The reproduction of ourselves - the reason (one can't live on antagonism alone) we all individually put up with all this as a class - is, it turns out, an accident of industry. A by-product of the perpetuation of labor-power in general. We throw ourselves headlong into that project, all in hopes of snatching a bit of the leftover, one piece at a time, with which to make a life, a family, a community, a site of other time.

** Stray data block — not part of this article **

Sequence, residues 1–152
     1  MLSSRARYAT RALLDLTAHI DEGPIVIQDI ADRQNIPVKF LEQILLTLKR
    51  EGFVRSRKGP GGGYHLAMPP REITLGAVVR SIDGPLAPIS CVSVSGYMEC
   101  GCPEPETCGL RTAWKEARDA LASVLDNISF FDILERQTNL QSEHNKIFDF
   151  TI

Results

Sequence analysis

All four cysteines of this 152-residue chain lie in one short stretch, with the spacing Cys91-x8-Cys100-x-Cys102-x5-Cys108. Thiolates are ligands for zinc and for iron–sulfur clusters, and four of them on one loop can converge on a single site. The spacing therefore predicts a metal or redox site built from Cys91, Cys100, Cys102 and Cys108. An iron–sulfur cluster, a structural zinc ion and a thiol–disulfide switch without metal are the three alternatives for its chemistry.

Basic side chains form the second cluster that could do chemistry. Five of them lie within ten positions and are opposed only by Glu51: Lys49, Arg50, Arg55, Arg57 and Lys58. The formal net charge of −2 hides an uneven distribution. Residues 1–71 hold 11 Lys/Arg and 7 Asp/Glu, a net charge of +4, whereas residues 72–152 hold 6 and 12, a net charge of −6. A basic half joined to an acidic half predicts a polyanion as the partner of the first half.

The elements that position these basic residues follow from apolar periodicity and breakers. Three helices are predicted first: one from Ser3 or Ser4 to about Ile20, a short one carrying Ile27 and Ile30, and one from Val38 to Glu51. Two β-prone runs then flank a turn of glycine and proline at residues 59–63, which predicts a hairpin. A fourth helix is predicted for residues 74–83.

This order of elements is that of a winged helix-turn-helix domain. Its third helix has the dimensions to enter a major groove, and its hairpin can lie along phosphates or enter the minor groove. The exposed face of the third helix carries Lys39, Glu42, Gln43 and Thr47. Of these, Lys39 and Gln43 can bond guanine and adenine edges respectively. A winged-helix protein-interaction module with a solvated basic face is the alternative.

Our labor, too, this shuddering drive, this life: it is the reproduction of slaughtered meat. Yet without rotting, without transforming money itself: just making more than will rot, and more money that will not.
Meanwhile, we turn down the heat, we breed in the freezers, we rattle the bones. The impossible, vile gesture, nestled somewhere in the heart of the matter, the red matter of deciding to go on.